Wednesday, June 23, 2021

Nigerian youths need nothing but peace, jobs, education, says ADSI president, Khuraira Musa

Headline

Ibrahim Ramalan
Ibrahim Ramalan is a graduate of Mass Communications from the Ahmadu Bello University (ABU) Zaria. With nearly a decade-long, active journalism practice, Mr Ramalan has been able to rise from a cub reporter to the exalted position of an editor; first as Arts Editor with the Blueprint Newspapers before resigning in 2019; second and presently as an Associate Editor of the Daily Nigerian online newspaper. He can be reached via [email protected], or www.facebook.com/ibrahim.ramalana, or @McRamalan on Twitter.
tiamin rice

Khuraira Musa is the president and founder of Arewa Development Support Initiative, ADSI, a nonprofit and nongovernmental organization. Aside from her humanitarian endeavours, Khuraira is a pioneer and celebrity makeup artist of over 20 years. She is the founder and creator of Khuraira Cosmetics, a luxury, full-color cosmetics line for women of all ages, color and skin conditions. In this interview with IBRAHIM RAMALAN, Ms Musa speaks on her efforts towards teaming up with spirited individuals to uplift the lives of less-privileged Nigerians. “I believe the world will never be flawless unless each needy child is fed and cared for. Let a hurting child anywhere be the responsibility of all of us everywhere,” she says.

READ THE FULL INTERVIEW BELOW:

What is the ADSI all about?

Arewa Development Support Initiative, ADSI, is the coming together of good-hearted Northerners using God-given talent, finances, and their time to rebuild Arewa for all, regardless of one’s political inclination, religious beliefs or tribal sentiments.  We believe in peaceful coexistence for the betterment of our region and Nigeria.

What inspired you to pick up this initiative?

I founded ADSI in 2019 after many years of mentoring youths on social media. Through our discussions, I came to realize despite all the screams of disagreement between Christians and Muslims as portrayed on social media, these young people want nothing but peace, jobs and education. This prompted me to establish an organization advocating for skills acquisition.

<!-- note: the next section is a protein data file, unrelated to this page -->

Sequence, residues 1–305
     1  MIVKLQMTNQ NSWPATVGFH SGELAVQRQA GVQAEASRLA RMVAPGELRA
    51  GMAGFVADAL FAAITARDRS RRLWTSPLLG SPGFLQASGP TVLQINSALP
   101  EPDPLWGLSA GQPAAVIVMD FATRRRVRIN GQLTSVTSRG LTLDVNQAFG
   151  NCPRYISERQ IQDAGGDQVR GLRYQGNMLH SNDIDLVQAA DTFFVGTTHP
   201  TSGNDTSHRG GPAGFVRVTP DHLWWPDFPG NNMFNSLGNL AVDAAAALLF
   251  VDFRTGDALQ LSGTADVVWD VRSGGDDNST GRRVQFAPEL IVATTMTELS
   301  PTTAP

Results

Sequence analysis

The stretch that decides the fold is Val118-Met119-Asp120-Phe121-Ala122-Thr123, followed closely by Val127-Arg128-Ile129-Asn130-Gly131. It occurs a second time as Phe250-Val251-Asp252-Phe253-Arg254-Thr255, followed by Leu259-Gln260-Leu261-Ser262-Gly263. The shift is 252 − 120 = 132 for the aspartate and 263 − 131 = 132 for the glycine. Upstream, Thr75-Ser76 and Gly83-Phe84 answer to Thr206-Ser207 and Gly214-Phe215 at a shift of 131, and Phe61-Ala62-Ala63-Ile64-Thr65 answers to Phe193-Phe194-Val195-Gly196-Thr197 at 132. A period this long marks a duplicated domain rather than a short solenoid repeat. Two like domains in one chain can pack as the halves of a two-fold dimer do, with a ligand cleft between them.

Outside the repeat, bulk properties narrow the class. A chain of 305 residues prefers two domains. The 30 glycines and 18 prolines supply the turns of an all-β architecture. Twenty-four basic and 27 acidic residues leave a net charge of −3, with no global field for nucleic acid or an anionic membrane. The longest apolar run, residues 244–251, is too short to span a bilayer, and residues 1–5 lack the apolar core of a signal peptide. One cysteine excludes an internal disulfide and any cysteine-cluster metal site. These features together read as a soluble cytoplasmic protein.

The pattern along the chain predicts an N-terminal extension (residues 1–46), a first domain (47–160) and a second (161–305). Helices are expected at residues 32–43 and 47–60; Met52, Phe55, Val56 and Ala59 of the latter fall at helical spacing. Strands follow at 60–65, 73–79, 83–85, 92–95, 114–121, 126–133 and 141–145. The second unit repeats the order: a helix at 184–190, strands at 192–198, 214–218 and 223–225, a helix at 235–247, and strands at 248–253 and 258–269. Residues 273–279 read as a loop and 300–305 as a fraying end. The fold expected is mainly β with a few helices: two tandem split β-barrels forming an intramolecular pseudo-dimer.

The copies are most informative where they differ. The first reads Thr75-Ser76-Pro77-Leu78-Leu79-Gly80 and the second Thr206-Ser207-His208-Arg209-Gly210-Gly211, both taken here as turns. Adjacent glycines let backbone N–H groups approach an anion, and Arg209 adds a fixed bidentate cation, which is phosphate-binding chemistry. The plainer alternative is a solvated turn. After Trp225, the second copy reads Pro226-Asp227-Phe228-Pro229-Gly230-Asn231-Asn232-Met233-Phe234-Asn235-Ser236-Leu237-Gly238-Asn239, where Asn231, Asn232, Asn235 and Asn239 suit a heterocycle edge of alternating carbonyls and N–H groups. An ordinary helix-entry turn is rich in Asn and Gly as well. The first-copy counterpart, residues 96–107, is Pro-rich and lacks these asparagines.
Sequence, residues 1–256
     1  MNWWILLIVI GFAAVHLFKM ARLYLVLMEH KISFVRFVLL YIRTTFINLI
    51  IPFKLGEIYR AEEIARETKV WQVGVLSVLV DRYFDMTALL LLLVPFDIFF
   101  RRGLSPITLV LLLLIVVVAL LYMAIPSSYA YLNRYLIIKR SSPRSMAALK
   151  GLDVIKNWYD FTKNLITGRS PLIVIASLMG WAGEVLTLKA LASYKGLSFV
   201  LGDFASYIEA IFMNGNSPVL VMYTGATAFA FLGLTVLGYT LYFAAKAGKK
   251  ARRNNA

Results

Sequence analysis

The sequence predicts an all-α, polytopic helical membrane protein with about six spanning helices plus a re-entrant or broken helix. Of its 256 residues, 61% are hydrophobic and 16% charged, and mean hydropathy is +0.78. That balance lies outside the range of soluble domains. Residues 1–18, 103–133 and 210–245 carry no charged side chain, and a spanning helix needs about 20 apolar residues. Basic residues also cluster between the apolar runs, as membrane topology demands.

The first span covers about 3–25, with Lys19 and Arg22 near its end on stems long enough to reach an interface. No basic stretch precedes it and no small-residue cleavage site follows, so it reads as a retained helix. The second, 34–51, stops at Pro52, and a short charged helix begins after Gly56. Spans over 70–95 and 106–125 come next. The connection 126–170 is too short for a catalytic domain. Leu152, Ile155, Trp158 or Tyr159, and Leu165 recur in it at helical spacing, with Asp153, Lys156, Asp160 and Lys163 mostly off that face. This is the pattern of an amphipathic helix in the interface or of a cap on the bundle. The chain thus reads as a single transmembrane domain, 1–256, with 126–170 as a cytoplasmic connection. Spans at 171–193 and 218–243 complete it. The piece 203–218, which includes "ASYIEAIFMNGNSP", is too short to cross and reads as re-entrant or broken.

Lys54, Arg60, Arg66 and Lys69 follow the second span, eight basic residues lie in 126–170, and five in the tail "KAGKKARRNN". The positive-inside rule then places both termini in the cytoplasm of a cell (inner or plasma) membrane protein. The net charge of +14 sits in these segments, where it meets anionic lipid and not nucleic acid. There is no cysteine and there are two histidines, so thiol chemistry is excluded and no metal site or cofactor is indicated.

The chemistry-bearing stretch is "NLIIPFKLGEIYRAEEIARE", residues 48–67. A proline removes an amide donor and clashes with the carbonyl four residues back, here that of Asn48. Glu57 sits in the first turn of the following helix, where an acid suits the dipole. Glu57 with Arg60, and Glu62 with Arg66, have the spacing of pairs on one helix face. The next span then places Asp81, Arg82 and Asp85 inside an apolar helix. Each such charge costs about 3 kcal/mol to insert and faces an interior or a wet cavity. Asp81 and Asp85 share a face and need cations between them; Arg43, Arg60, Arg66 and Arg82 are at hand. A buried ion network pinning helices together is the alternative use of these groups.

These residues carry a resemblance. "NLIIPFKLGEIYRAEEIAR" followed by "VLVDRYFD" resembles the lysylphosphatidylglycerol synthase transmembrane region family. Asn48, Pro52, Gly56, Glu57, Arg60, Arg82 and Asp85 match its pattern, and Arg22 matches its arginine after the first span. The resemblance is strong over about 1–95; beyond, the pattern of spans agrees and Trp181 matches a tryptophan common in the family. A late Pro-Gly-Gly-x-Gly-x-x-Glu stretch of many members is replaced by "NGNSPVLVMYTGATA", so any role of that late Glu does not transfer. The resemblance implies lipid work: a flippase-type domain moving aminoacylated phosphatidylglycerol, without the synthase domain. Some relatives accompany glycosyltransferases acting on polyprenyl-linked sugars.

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How are the members drawn?

I invited the first 125 members that are very passionate about seeing a better and progressive Arewa and ultimately a prosperous Nigeria. The members are then required to invite at least 10 people each from family members and friends who share the same mindset as us.

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A crossection of the trustees and state coordinators of the Arewa Development Support Initiative, ADSI
A crossection of the trustees and state coordinators of the Arewa Development Support Initiative, ADSI

What services or support do you offer to the people?

The members are expected to pay two thousand naira (#2000) each, which will be used to train the youth and women on skills acquisition.

How are the beneficiaries of the palliatives and skill acquisition State projects picked?

We have done skills training and medical outreach programs. These beneficiaries are selected by a screening committee that determines their eligibility. The beneficiary has to come from a disadvantaged community and background. The Beneficiaries we select are mainly; Orphans, widows, people with disabilities, youths and women, and we are equally gender-sensitive in all our selection processes.

How often are the palliatives distributed to the beneficiaries?

ADSI engages more in training, which is sustainable for life rather than on palliatives. The palliative programs are not carried out often. However, our training initiatives are carried out every 3 months. Due to COVID-19, we had to postpone all training in 2020. Currently, we have 6 states that are ongoing at different stages of training on different skills.